I pulled out of the driveway at 5:56AM with any hopes of seeing the sunrise in the sticks dashed by sunlight already licking the tops of the trees in the valley. Long summer days means I have to get up even earlier, probably around 4:30 AM judging by the time I need to actually get out the door. On the bright side I wouldn't have to endure the 48° F temperature as long. After many weeks of warm and hot rides the cold was a shock to my delicate nature. I was on my way to meet up with my father-in-law Bob for a ride but had to stop after 50 miles to warm up. Hot chocolate was nice but better was being able to press my hands against matte black steel on the outside of the convenience store. It was hot from the morning sun even though the air temperature was only 51° F by that time. My hands warmed nicely as I stood facing the wall looking as if I was about to be arrested. None of this sounds a lot like a summer dream though.
I have been thinking a lot about motorcycles, scooters, and riding. How did I end up standing with cold numb hands early on a Saturday morning?
The Vespa in my garage isn't a dream. It's real. Summers as a kid were spent dreaming about girls, cars, and motorcycles. Not necessarily in that order. As I probe my mental history I have to believe the summer of 1963 planted the seeds of interest in motorcycles after seeing Steve McQueen racing around Germany in The Great Escape.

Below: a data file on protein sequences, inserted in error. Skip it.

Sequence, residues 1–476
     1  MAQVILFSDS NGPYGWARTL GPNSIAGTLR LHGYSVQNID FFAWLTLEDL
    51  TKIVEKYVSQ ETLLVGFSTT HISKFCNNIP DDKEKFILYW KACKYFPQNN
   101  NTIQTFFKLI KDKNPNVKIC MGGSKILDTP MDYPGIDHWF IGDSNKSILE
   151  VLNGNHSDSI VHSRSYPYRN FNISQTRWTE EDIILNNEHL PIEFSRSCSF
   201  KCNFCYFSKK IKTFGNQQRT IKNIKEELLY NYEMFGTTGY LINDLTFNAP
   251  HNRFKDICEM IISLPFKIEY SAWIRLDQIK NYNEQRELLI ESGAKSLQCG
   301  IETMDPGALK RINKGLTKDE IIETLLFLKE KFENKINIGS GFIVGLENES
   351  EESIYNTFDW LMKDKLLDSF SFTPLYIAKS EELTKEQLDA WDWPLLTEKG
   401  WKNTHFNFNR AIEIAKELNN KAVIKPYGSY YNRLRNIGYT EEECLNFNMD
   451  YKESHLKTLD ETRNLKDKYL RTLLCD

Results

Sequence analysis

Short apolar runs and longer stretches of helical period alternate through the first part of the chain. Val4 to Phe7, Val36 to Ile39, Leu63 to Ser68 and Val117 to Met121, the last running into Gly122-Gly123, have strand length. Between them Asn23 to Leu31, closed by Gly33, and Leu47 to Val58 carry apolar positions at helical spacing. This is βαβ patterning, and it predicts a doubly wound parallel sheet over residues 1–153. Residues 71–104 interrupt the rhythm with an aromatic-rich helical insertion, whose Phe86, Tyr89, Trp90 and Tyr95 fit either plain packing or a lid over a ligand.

I watched that movie every chance I got when it would appear on television and still rent it occasionally now. The Cooler King's motorcycle heroics and quiet, go-it-alone temperament appealed to me even then I suspect. Motorcycle as escape was never clearer than in that movie. We'll ignore the fact that walking and rowing were more successful escape strategies.
In 1969 I received another potent dose of near mythic rides from the television series Then Came Bronson. Jim Bronson, played by Michael Parks, abandons his connection with the work world to find the meaning of his life by way of what I thought then was the coolest motorcycle ever---a Harley Sportster. The video linked below was the only one I couuld find on the net but it gives you an idea of what one facet of the show was like.
I was not overly enthralled with machine specifics even then but really affected by the idea of riding and adventure. For me it has always been about riding.
So here I am with a Vespa GTS 250ie. On the surface it doesn't appear to match those old summer dreams. There is a motorcycle that does and is on my secret acquisition list for some day out in the future --- the Triumph Scrambler. As a machine it fits the image of those programs.
But is the Vespa really out of line? I don't think so. It affords me the freedom and opportunity to ride. To see the world and to explore what I am doing in it. And frankly speaking riding the Vespa is more challenging on many levels than any motorcycle I have had the opportunity to ride. In the end though it's riding that's the key for me.
Several times, almost like a scene from Then Came Bronson, I have been asked where I was headed on the Vespa. My response --- "Oh, I don't know...wherever I end up, I guess."
And that's the truth.